Hello foxy people! Needles at the ready for colour number 2. You will be using back stitch, stem stitch and satin stitch. After almost a fortnight of battling through a nasty cold, my voice is still somewhere between a pubescent thirteen year old boy and a barking seal. I was hoping for sexy husky but no such luck. So I’m going to have to handball the satin stitch tutorial over to sublime stitching until I’m able to make a video. Sublime Stitching Satin Stitch Tutorial
Rainbow bright – 1304 olive
Rainbow pastel – 1205 Cottonwood
Fresh modern – 803 Pea Soup
On trend – 1203 Blue Cypress
Shabby Chic – 2201 Tinkerbell
Mud pie – 315 Tea Party
Jewel – 1202 Dark Yew
Aubergine – 1203 Blue Cypress
Rainforest – 210 Tropic Sea
All stitching is made with 2 strands of thread. We start with a tiny back stitch approximately 1mm in length (easier to stab stitch this small a stitch) on the leaves near his ear. Stab stitching is where you work from the top and underside of the fabric, passing the needle through the top and pulling it from the underneath, creating a stitch in two actions, rather than travelling across the surface and making a complete stitch in one action.
The leaves above his back leg are stitched with stem stitch on the outline and the spine. Only a single straight stitch is made where the line jumps in to create the points on the outline of the leaves. The veins are stitched with the very small back stitch as with the leaves near his ear. The reason I have chosen to do a tiny back stitch is because of the texture it gives. You may prefer to make a larger stitch, it’s entirely up to you.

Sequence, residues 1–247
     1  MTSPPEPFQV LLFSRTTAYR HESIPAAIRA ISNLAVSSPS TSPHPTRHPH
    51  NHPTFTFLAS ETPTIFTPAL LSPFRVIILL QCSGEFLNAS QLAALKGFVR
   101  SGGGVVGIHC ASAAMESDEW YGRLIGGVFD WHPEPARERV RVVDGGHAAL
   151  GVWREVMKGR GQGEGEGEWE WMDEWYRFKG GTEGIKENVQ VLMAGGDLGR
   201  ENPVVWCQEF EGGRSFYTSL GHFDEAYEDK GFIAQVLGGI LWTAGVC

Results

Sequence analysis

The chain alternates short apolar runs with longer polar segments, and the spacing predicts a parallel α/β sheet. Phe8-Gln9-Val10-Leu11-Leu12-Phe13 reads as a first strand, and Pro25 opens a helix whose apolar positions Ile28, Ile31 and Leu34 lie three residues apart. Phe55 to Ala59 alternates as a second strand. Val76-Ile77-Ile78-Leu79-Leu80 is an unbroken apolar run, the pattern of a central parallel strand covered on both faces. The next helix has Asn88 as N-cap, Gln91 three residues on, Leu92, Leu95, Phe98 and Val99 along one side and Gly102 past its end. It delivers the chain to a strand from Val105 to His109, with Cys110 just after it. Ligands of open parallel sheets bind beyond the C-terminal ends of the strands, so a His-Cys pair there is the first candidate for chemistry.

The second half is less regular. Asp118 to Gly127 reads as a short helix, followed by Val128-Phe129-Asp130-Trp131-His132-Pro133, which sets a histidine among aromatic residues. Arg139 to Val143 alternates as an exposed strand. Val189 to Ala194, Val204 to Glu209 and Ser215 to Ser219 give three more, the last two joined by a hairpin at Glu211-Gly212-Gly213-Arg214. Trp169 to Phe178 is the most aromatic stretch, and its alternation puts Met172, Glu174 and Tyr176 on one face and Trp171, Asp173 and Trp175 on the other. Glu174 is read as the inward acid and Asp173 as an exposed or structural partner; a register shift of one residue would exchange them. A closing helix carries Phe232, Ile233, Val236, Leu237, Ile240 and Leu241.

The last section for colour No.2 is the row of small leaves continuing from the line of his back paw. The stem is stitched in stem stitch (how very fitting) and the leaves in satin stitch. I do not outline my shape with back stitch prior to filling with satin stitch but this is something you may like to experiment with on your scribble cloth, especially if you haven’t stitched much satin stitch before. When stitching with satin stitch, lay your thread down next to the stitch you’ve just made, to see where you need to re-enter your needle into the fabric. It’s easy to assume you need to go right next to the previous stitch but you need to take into consideration the width of the two strands of threads once they are laying on the fabric. This is why I like to take my stitches ever so slightly away from the previous stitch, even if it is just one further thread in the weave of the fabric. Make sure your threads are not twisted together as you’re working, stopping every now and again to untwist them. You want your threads to lay next to each other, not twisted. When you’ve finished each leaf, run the tip of your needle on the fabric next to the stitches, this can help to pull them into line and behave themselves.